According to the report, the debt rule can be applied intelligently by allowing the highest debt economies such as Spain and Italy more time to reduce their borrowing. This would be a shift from the current standard metric of an annual reduction of 1/20, which applies to all Member States above the 60 percent cap. The EFB also calls for avoiding the application of the rules to punish urgently needed capital expenditures.

Such reforms may seem extremely sensible – but that does not explain the toxicity of the eurozone cracks vis-à-vis fiscal policy. Despite all the upheavals sparked by the Covid-19 crisis, this is a grim constant in EU politics that is likely to survive for a long time.

Chart du jour: Europe's hidden deaths

France and Germany caused almost all of the deaths, while Britain, Italy and Spain did not

In February, Spain's chief doctor Fernando Simón was in great demand when asked about Covid-19: "There is no virus in Spain." But even then, the virus was spreading across the country and Spain was “blindly” heading for one of the worst coronavirus outbreaks in Europe.

This misstep resulted in a large gap in reported deaths from Covid-19 compared to the mountain of excessive deaths shown in the table above. This is just one of the many revelations the FT Europe network has reported to the FT in a series of inquiries into whether the world could have been spared.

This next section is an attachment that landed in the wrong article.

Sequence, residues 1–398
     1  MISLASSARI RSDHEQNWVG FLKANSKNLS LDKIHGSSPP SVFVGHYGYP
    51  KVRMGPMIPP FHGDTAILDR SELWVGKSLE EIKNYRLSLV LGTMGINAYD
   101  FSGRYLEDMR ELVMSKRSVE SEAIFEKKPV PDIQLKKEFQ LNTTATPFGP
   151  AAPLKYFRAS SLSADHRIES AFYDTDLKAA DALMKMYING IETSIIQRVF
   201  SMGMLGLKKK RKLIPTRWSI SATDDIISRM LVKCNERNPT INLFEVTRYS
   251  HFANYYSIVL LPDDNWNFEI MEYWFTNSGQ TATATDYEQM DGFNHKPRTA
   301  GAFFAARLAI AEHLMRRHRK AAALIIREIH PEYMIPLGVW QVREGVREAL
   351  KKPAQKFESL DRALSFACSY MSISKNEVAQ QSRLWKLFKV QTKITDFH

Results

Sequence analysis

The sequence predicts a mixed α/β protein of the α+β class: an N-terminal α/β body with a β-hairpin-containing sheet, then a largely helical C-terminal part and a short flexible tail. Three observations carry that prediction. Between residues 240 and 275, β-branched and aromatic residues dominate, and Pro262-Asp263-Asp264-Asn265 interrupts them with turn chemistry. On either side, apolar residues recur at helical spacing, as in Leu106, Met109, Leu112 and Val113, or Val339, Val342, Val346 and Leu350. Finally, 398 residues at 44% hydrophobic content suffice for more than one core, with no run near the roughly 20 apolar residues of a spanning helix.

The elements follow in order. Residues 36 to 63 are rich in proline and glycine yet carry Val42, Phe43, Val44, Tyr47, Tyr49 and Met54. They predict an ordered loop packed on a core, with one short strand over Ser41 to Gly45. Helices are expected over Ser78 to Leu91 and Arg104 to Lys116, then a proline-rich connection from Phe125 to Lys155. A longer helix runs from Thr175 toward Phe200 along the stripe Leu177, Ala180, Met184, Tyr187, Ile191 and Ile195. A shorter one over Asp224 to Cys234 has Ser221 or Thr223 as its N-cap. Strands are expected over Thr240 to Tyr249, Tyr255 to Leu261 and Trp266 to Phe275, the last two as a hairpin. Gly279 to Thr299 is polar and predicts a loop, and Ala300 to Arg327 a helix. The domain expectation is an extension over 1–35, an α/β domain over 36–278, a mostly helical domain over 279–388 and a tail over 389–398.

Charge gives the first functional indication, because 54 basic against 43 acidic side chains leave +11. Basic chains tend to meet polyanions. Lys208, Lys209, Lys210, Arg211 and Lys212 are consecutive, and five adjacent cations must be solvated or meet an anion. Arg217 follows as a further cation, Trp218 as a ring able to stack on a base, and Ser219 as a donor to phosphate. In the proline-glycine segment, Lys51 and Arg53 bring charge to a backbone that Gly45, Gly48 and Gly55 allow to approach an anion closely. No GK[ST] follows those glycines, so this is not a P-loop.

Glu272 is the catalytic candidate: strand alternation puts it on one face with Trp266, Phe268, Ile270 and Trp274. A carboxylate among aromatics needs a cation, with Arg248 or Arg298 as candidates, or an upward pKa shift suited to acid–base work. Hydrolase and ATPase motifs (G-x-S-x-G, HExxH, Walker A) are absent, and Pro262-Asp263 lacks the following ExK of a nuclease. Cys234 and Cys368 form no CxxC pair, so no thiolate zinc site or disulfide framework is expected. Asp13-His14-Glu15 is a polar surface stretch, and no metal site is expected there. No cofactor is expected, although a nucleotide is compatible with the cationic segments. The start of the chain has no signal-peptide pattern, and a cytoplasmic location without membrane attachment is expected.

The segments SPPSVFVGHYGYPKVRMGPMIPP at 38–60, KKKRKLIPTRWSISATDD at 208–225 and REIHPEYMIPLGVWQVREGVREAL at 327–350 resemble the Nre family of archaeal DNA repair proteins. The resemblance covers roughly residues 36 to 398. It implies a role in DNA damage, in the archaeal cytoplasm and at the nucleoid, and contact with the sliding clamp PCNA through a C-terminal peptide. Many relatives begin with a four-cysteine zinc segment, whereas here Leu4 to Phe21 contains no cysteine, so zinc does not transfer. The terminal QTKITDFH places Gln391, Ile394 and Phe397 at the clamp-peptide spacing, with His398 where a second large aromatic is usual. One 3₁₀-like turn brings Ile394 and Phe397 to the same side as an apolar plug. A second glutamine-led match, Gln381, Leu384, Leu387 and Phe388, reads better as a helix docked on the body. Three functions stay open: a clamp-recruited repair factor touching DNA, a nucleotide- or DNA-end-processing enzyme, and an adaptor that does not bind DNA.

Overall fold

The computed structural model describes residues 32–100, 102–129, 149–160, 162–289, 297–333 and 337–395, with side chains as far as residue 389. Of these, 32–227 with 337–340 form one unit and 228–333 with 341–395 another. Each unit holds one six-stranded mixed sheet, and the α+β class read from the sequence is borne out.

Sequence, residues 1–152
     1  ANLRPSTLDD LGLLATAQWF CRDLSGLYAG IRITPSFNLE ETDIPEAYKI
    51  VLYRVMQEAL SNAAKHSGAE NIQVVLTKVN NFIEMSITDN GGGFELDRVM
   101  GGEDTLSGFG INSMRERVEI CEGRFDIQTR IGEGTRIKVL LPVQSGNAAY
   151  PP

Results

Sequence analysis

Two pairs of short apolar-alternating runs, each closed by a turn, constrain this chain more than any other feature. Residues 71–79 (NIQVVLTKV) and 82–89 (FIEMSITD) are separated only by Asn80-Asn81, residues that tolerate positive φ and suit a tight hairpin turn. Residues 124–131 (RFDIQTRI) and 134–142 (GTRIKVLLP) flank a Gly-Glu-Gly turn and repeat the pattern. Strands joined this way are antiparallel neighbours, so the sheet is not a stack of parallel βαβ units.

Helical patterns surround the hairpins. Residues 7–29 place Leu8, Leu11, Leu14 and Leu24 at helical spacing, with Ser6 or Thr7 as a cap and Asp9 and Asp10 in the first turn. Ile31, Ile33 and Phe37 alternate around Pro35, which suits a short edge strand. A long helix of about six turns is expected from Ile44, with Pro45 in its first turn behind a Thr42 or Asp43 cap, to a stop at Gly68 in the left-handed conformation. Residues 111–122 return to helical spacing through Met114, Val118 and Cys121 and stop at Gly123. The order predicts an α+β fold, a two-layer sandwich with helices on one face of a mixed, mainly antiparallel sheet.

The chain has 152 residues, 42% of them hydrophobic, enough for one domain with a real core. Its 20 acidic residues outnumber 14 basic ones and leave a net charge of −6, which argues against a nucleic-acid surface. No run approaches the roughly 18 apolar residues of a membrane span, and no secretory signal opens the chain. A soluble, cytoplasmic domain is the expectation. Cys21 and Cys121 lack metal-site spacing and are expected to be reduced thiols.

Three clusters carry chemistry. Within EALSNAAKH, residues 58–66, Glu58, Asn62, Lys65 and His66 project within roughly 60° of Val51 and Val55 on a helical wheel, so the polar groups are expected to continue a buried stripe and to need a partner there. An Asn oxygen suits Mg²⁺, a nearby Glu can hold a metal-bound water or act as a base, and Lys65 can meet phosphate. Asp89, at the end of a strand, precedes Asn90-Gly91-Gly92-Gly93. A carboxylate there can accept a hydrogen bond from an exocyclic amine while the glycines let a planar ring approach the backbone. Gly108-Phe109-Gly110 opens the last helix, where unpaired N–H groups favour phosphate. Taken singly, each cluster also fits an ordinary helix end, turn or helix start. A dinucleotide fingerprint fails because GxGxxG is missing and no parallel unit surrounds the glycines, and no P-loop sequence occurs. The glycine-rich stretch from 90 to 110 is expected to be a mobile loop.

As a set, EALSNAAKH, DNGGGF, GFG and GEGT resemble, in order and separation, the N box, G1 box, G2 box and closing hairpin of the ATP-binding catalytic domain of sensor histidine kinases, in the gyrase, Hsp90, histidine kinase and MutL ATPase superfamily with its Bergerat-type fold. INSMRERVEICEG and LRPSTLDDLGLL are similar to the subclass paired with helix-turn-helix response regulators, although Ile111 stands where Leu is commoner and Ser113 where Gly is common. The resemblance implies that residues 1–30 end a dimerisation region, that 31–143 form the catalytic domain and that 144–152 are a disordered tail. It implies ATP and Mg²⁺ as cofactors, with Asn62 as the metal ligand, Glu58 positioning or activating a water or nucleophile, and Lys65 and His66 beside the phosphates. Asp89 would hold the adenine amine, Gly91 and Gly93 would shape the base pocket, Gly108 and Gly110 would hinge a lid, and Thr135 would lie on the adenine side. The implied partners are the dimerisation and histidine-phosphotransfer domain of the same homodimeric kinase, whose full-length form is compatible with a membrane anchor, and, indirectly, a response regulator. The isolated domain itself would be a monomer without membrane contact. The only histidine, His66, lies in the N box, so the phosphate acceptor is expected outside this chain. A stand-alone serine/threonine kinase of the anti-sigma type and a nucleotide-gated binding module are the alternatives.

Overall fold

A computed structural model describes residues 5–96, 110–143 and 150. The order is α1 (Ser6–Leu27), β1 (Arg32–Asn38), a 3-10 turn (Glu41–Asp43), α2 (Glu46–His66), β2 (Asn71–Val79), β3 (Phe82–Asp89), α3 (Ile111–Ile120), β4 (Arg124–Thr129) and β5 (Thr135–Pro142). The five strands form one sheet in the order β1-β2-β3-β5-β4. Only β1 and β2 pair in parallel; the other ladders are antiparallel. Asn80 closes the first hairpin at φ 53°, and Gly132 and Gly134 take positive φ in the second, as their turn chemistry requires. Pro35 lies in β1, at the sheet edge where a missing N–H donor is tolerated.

Summary of Europa News

ZTE and Huawei logo
© AFP, Getty

  • Sweden, together with the USA and Great Britain, has banned the Chinese telecommunications companies ZTE and Huawei from setting up the country's 5G network. The Swedish Foreign Minister named China's aggressive espionage and digital theft as the main reasons for the ban. (FT)

  • The European Commission has taken legal action against Cyprus and Malta in an attempt to stop the countries' practice of selling passports for cash. Brussels argues that “golden pass” systems threaten the “very essence of European citizenship”. (FT)

  • Agriculture is one of the largest recipients of the EU's multiannual budget, at EUR 387 billion. An investigation by Der Spiegel showed that the enormous sums of money are easy to profit after a MEP, Peter Jahr, drafted an agricultural law that gave him thousands of EU subsidies for his farm in Saxony.

  • The EU Cybersecurity Agency has detailed the challenges the continent is facing online, including the stress caused by large parts of the continent now working from home. The agency's annual report warns that the increasing reliance on the Internet creates numerous threats that have pushed the European cybersecurity sector to its limits.

Come on Wednesday

The EU budget negotiators from Parliament and the Council will meet on Wednesday evening (5:30 p.m. CET) to try to reach an agreement on the bloc’s € 1.8 billion budget and recovery fund.

After two months of clashes, Parliament has said it is sticking to its call to increase spending by around EUR 39 billion. But as the heads of state and government of the EU made clear at their summit last week, the demands are a no-go.